The visibly-predominant fault of old houses is generally dampness, with its train of rot, mildew, unsightliness, discomfort, and ill-health; and of all the ills to which houses are heir, this is undoubtedly the worst to cure, as it is bo often a disease of the very fabric itself. The dampness of houses may be conveniently considered under three heads: - 1. The Basement; 2. The External Walls; and 3. The Roof. Useful information on these subjects will, it is hoped, have 1 found in Section II., "Construction", and the reader is referred there for fuller details of those methods and principles, which are here only briefly mentioned. New difficulties, of course, present themselves in the repair of existing houses, and an attempt will be made to consider some of these difficulties more fully. It will be impossible, however, to discuss every defect which may occur in a building, and only those will be considered which are generally known as "sanitary defects", using the term in a broad sense.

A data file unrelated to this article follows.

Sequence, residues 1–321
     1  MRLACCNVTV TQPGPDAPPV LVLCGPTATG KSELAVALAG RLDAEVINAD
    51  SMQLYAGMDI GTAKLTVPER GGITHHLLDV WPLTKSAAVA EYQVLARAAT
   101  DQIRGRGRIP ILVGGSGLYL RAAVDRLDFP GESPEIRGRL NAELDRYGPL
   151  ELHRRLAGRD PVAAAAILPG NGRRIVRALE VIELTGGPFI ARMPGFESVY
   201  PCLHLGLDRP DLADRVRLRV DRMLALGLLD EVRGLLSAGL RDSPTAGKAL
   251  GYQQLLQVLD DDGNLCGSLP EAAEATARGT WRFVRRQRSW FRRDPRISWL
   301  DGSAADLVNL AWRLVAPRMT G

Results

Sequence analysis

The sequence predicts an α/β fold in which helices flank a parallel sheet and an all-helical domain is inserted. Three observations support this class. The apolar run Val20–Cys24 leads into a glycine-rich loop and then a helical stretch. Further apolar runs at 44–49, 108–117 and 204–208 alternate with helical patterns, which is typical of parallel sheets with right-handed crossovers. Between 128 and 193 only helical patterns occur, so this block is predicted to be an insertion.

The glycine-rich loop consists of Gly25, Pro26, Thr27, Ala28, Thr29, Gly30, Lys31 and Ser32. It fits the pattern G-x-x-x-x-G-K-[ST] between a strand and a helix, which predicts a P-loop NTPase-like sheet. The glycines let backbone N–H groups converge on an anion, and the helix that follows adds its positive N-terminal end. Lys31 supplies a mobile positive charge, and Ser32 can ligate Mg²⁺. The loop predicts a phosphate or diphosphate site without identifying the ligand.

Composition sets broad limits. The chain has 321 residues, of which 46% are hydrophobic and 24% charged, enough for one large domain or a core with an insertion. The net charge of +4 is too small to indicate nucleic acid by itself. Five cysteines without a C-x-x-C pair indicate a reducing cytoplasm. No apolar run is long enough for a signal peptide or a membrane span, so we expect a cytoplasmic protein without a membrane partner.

By G. Lister Sutcliffe, Architect; Associate Of The Royal Institute Of British Architects;Member Of The Sanitary Institute: Author Of "Concrete: Its Nature And Uses". Etc